Ontario Spends More than $11 billion a Year on Prescription Drugs
Why an income-based drug plan would not be good for Ontario’s economy or its seniors
Ontario spends $11 billion per year on prescription drugs. Nearly half of this is spent on medicines used by senior citizens, a group that receives public subsidies for nearly all of their prescription drug costs in Ontario.
With the population aging, seniors’ entitlement to public drug coverage creates a big strain on government budgets. This is because people under age 65 receive very little subsidy for prescription drugs. The day someone turns 65-years-old in Ontario, their prescription drug costs suddenly become a public liability.
To avoid this strain on government budgets, several other provinces have discontinued comprehensive drug benefits for seniors and implemented income?based programs that provide all residents public subsidies for prescription drug costs exceeding a given percentage of household income.
Sounds like a good idea for Ontario, right? Except it isn’t.
In a report published this week by the Institute for Research on Public Policy, my colleagues and I assess the performance of Ontario’s age-based drug plan against the best of the income-based drug plans in Canada: that of British Columbia. Three important results indicate that income-based drug benefits programs are not good for seniors anywhere in the country, and certainly not something that should be replicated in Ontario.
First, deductibles under income-based drug plans act as a barrier to seniors’ accessing necessary medicines. Perhaps not surprisingly then, residents of British Columbia are about twice as likely to report such cost barriers to their medications as residents of Ontario—which means many seniors don’t get the drugs they need.
If Ontario had the same rate of access barriers among its elderly population as British Columbia does, a further possible 68,000 elderly Ontarians would forgo their prescriptions because of financial barriers. For many of those seniors, stopping treatment could result in worse health outcomes and higher rates of hospitalization. In the end, this would cost both patients and taxpayers.
Second, deductibles under income?based plans impose considerable direct costs on patients. This is of particular concern for seniors, most of whom have chronic needs for prescription drug treatment. In effect, the deductibles under income-based drug benefit programs are tantamount to imposing a specific income tax on people with high medical needs—including most seniors.
Though it is true many seniors today are wealthier than seniors were a generation ago, it’s not clear they should be penalized by bearing more costs for their health care than younger Ontarians, especially if there are equitable, alternative models.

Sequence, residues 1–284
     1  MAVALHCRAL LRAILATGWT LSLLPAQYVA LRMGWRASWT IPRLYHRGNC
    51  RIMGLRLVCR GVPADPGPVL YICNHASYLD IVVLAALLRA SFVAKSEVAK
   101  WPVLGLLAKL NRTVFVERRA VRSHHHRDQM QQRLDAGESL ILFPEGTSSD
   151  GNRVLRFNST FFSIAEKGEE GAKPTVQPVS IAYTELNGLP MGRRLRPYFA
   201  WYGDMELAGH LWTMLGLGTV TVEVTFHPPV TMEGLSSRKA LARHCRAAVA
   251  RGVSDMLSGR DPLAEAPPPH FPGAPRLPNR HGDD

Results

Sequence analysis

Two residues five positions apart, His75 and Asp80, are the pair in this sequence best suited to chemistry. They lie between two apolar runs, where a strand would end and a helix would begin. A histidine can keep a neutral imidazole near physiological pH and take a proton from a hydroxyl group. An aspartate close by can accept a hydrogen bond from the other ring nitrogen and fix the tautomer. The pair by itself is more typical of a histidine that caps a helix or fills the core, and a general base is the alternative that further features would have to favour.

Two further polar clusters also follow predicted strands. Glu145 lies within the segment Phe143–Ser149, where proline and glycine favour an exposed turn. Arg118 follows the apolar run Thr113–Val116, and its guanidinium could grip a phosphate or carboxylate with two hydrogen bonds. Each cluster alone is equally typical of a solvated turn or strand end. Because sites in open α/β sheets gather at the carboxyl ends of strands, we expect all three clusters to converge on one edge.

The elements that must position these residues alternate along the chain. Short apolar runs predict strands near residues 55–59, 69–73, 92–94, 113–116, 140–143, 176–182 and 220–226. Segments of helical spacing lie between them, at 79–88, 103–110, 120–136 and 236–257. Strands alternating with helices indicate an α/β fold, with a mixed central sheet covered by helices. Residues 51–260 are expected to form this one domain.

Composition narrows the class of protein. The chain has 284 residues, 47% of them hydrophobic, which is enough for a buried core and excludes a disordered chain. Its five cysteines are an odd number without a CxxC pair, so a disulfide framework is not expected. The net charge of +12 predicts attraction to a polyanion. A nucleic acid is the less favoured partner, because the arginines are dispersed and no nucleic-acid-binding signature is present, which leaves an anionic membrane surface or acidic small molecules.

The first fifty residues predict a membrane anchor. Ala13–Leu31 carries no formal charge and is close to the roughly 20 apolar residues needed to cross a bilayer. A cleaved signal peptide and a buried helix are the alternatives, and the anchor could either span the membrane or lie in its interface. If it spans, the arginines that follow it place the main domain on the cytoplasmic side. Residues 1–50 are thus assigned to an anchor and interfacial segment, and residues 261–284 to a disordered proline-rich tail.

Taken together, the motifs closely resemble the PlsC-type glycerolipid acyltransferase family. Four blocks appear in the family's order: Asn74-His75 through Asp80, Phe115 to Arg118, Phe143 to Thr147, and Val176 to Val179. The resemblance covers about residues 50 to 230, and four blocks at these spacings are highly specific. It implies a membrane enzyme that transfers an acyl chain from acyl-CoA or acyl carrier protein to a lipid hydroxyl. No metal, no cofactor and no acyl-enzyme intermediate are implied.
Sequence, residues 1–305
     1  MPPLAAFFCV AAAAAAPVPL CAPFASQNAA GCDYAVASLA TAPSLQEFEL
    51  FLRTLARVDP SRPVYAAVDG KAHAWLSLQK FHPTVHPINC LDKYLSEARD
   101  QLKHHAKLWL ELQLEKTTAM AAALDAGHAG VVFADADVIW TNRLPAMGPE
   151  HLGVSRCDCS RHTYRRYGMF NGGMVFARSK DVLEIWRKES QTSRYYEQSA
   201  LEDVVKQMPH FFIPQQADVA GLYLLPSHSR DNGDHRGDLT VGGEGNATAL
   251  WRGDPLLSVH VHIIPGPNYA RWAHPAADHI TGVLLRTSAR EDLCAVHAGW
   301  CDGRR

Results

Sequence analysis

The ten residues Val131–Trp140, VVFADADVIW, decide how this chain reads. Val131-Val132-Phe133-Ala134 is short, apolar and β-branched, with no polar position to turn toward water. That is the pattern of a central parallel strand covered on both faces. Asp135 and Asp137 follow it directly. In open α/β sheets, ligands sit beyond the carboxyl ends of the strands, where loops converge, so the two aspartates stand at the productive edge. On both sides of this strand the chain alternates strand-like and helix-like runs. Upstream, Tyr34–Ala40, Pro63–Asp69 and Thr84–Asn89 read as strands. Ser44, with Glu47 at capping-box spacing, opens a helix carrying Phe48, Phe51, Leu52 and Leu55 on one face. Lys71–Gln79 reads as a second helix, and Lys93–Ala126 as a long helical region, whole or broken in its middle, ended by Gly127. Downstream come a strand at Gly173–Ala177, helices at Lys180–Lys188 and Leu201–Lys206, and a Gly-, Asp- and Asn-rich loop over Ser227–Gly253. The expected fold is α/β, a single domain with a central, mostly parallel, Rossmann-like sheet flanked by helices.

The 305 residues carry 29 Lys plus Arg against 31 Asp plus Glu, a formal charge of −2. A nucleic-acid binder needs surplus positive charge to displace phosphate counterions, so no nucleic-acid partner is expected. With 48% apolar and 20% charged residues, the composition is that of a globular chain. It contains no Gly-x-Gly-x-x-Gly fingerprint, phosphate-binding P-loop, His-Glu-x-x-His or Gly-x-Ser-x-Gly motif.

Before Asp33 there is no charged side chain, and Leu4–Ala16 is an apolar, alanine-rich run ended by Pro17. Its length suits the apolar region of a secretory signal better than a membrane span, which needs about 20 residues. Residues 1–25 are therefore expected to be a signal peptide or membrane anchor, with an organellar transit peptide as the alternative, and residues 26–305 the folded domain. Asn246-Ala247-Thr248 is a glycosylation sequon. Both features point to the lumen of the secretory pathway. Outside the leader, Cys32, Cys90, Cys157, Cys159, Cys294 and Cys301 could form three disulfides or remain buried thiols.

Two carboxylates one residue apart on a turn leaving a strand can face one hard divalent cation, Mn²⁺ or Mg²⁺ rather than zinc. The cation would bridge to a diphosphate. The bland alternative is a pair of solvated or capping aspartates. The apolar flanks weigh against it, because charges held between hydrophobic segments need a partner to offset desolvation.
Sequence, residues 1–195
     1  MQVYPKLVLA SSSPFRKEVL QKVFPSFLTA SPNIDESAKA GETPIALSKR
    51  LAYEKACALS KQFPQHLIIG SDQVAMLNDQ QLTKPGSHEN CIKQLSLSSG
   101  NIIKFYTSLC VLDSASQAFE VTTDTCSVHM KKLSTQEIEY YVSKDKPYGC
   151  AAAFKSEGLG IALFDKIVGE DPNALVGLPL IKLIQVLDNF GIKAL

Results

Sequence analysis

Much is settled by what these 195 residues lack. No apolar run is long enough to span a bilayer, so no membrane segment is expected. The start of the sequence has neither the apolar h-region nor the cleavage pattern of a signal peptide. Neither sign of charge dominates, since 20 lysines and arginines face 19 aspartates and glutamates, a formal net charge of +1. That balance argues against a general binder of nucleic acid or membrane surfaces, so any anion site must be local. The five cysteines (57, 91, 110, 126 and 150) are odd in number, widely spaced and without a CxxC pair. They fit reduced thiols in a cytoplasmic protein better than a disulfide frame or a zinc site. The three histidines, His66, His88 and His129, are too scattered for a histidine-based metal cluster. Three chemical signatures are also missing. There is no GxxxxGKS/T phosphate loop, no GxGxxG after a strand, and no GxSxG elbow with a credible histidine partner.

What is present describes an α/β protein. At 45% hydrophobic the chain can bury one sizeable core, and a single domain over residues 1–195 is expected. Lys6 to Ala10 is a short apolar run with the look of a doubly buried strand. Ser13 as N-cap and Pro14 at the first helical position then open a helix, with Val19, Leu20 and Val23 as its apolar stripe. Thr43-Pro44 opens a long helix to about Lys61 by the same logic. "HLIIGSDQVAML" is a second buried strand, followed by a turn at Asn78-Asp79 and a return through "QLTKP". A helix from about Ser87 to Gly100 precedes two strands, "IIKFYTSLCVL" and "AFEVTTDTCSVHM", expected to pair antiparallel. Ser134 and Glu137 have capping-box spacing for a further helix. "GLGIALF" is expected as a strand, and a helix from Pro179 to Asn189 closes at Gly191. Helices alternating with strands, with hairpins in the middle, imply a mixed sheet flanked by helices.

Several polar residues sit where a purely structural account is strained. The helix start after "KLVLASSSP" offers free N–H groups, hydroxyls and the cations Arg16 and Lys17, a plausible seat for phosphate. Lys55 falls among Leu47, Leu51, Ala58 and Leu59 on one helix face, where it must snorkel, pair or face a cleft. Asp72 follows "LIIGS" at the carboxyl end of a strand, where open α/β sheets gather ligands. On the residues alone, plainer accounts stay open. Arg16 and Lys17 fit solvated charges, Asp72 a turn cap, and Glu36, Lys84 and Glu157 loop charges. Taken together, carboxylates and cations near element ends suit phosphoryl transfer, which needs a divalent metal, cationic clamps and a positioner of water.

This raises the third problem with income?based drug benefit programs: they undermine efforts to control drug costs and promote efficiency for society as a whole.
Income-based drug plans do not reduce the total cost of prescriptions filled by seniors. They simply shift those cost onto patients or the sponsors of private insurance—primarily, employers and unions (who may eventually pass these costs on to employees via stagnating salaries and reduced benefits packages).
It is estimated that the change toward an income-based drug benefit program in British Columbia increased costs to the private sector—born by patients, employers and unions—by $134 million per year. A similar shift would not be welcome news for Ontario’s private sector.
Making matters worse, having multiple payers involved in drug coverage for seniors increases administrative costs and reduces the purchasing power of government drug plans. In this regard, existing age-based public drug benefit programs have a similar flaw to income-based drug benefit programs: multiple payers means the system costs everybody more than it needs to.
The result is that Canada spends nearly twice as much per capita on prescription drugs as do countries with single-payer systems for prescription drugs, such as the United Kingdom. Moving toward a single-payer system for Ontario could save the province, patients, employers and unions $4 billion per year.
Ontario should learn from the experience of British Columbia and other provinces, and not move towards an income-based drug benefit program for seniors. Rather than placing a tax on health needs—as income-based drug plans do—Ontario should consider a more positive road to universal pharmacare. Specifically, it should consider tax financing a universal drug benefit program that would give non-seniors the same coverage elderly residents enjoy today. Doing so would ensure better access to medicines at far lower cost to all involved.
By Steve Morgan
Steve Morgan is an expert advisor with EvidenceNetwork.ca and professor and Director of the Centre for Health Services and Policy Research at the University of British Columbia.